GameFan takes you under the Hood with Grapple Buggy designer, artist, programmer, sfx guy, level builder and all around Mommy’s boy, Nathan Fouts…

GFM: First, tell us about yourself and Mommy’s Best Games. What led you to the Indie space and what’s the story behind the name…
Nathan Fouts: I’ve worked at several places including Running With Scissors on the infamous POSTAL series, and Insomniac Games on Resistance and Ratchet and Clank. After growing up playing and loving 2D, but with years working in 3D, I was ready for a change. As the digital scene really established itself with this console generation, I figured now was the time to start my own company. Mommy’s Best Games prides itself on exquisite gameplay and hand-crafted 2D experiences. The name comes from a childhood joke about Mom making everything the best. I liked it because it had a disarming feel, and contrasts with all the alien blood and guts we tend to have in our games.

Tell us about the game—give us the pitch so to speak.
NF: Commander Javeya and her alien science officer Drozo are sent to investigate a distant alien planet in search of the single most valuable commodity in the known universe, a fuel called “Vald.” The two characters represent competing governments both painfully interested in how much Vald they can harvest. The titular Grapple Buggy is equipped with dual grappling hooks, super-gripping tires, a mega-boosting engine, and all kinds of upgradable technology to help the player explore the bizarre planet. Through driving like a mad-man and swinging with wild abandon, the story unfolds and the uneasy human-alien alliance is tested, and the player gets to ultimately choose exactly who gets the fuel and what sacrifices will be made.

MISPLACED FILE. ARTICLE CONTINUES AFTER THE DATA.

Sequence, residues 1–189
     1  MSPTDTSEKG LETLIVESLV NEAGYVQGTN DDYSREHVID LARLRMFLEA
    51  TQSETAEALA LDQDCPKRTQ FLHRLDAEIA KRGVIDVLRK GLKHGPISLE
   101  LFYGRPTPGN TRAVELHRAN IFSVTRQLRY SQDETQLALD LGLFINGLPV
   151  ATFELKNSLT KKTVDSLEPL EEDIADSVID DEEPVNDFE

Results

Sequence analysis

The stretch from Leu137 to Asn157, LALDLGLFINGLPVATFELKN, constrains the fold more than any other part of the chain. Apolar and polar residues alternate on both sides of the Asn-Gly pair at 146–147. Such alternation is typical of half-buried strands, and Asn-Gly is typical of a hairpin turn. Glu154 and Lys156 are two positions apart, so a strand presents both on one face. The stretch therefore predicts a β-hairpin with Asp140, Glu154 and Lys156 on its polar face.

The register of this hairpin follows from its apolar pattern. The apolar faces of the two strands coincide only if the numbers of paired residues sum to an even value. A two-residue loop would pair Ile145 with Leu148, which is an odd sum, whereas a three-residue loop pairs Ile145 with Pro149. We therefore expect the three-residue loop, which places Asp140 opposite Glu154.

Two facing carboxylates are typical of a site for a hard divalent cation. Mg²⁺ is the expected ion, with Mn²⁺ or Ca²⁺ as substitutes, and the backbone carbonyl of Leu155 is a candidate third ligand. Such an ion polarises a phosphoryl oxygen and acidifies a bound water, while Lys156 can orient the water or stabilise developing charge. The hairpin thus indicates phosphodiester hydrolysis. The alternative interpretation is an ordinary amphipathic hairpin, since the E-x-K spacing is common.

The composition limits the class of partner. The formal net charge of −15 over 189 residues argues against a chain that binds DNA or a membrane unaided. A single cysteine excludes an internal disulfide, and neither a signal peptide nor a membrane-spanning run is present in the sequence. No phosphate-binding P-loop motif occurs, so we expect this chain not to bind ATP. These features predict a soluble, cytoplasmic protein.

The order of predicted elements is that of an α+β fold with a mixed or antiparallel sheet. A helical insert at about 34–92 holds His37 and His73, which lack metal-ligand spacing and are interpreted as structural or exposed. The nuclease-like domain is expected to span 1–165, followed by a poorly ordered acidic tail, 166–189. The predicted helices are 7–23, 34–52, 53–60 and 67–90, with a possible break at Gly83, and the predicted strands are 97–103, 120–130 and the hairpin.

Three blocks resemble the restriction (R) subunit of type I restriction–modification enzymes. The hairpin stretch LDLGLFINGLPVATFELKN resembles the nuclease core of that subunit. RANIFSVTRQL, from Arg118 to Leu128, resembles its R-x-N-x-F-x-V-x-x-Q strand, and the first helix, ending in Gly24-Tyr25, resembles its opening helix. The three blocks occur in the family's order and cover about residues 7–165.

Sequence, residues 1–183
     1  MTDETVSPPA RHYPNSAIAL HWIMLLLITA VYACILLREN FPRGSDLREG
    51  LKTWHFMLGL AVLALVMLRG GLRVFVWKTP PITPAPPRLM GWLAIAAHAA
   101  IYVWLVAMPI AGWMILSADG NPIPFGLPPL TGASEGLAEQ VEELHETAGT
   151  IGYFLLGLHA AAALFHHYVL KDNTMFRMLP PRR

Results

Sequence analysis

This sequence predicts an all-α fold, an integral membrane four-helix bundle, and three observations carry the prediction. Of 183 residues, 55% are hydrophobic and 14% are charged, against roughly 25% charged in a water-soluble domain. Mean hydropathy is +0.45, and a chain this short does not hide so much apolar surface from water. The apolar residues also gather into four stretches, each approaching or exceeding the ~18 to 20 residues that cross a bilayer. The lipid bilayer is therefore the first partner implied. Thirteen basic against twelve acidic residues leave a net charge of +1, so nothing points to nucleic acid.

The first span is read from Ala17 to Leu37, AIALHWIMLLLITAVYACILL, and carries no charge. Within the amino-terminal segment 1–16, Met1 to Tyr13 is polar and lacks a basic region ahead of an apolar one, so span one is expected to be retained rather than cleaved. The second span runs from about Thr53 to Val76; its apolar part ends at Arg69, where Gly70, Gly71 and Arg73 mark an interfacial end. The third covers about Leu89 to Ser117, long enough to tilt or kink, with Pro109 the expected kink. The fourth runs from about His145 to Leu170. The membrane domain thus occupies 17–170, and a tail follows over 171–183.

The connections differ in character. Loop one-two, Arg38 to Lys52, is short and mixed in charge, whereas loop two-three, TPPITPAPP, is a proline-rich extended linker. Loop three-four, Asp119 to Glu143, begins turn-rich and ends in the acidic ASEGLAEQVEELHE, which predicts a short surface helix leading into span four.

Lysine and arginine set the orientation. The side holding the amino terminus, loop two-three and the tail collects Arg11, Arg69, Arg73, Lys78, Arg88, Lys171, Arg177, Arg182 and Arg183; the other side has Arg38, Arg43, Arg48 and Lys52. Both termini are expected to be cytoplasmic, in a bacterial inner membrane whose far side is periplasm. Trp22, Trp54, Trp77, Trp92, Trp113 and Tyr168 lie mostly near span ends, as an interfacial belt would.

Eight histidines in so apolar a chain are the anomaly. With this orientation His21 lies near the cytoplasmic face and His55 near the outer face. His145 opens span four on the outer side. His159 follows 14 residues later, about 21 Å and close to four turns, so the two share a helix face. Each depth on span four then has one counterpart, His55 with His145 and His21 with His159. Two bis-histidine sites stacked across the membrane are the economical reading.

The game has a very distinct look. Is it hand drawn, rendered, or some new space-age technology?
NF: We like to refer to this ancient Chinese secret as “drawing” using “pixels.” I realize 3D games and their polygons have tried to destroy this artform, but Grapple Buggy features a 2D, hand-painted style meant to evoke the richness of a painting and the physical weight using pixels.

Did you license an engine or build it from scratch?
NF: This is where the Space Age technology comes in—it’s all from scratch, but built on XNA.

How many people are on the project, how long has it taken, and how close are you to being complete?
NF: I’m the primary designer, artist, programmer, sfx guy, and level builder. Hamdija Ajanovic makes the otherworldly tunes. I also have some friends contributing to level creation and programming, and we’re working with an extra artist now too.

So the ETA is?
NF: THE FUTURE!!! (2011? 2012??—We’re working on it! I just want to make it nice for gamers.)

PSN, XBLA, Steam, or all three?
XBLA we hope. The others may fall in line later.

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